Modular Affordable Housing Design Competition

rendering of a mid-rise wood building with inset balconies in between three taller rental towers in the background
  • qLab
  • Sustainable Design
  • Design Competition

In October 2019, Quadrangle participated in the Modular Affordable Portable Housing Design competition organized by Kehilla Residential Programme and EllisDon to address Toronto’s affordable housing crisis. Our concept and design, which received the People’s Choice Award, demonstrates how to shift the conversation from “this is all I can afford” to “these are my options!” by taking advantage of existing structures across the GTA to solve our housing crisis.

By 2046, the population in the GTA is expected to increase from 6.8 million to 10.2 million. There are currently over 1,300 ‘towers in the park’ across the GTA, with 93% sitting on over 0.5 hectares of land. Are these modern era buildings and their generous property sites the answer to our housing crisis? How can we re-imagine the ‘tower in the park’ typology to transform our view on affordable housing?


Our proposal intends to take advantage of these ‘tower in the park’ typologies found all over the GTA. These sites are vital to providing affordable housing to low-income and vulnerable populations. As the buildings age, they are susceptible to costly renovations, leading to unattainable rents. Rather than an undeveloped urban site, we are exploring the idea of using existing real estate assets within established communities to address our housing crisis while improving the environment and lives of existing residents.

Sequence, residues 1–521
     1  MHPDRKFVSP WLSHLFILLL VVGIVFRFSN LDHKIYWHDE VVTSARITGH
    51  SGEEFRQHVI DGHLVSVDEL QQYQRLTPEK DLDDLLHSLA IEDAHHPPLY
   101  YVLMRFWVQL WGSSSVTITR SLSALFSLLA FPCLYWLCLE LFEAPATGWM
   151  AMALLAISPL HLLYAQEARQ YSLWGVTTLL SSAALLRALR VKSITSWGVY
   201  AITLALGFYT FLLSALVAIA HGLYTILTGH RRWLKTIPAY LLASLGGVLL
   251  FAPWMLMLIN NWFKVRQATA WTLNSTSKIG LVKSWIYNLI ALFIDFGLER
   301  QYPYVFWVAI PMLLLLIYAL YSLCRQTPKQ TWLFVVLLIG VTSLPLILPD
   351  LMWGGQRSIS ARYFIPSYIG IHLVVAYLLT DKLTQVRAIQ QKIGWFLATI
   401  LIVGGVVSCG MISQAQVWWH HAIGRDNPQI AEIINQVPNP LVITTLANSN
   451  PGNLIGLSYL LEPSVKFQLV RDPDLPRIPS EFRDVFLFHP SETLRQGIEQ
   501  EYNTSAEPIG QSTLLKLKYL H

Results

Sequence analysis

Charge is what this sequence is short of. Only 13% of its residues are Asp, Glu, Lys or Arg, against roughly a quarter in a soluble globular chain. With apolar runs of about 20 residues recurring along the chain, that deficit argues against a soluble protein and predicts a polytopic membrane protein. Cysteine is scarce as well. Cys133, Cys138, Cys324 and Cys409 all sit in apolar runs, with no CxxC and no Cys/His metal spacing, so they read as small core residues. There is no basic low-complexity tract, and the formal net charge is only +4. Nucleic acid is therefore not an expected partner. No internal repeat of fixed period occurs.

Density through a phased approach

Skip the cost and risk of acquiring land and focus on strategically intensifying existing sites in a phased approach that does not displace residents or result in ‘renovictions’. The modular housing concept serves as a catalyst for increased density while renewing the existing fabric of the city.

Enhance the built environment

Improve the quality of the built environment where the modular additions generate revenue for later phases.

Reduce, renew

Design for durability and adaptability to reduce life cycle costs – locally sourced timber sequesters carbon, resulting in a low net embodied carbon load.

Sustain, passively

Passive House principles reduce CO2 emissions, allowing us to design homes that better the environment and the health of occupants while offsetting energy costs. The addition of solar panels on existing buildings, coupled with low energy from our modular additions, will result in a net positive effect.

Create community driven social spaces

Pre-fabricated site-specific roofs and ground floors, along with widened shared corridors, provide flexible, community driven social spaces to encourage interaction and activity amongst residents.

Unite generations and offer options

Integrate multi-generational living in a way that responds to the resident’s diverse needs of intimacy, privacy and accessibility at various stages of life.

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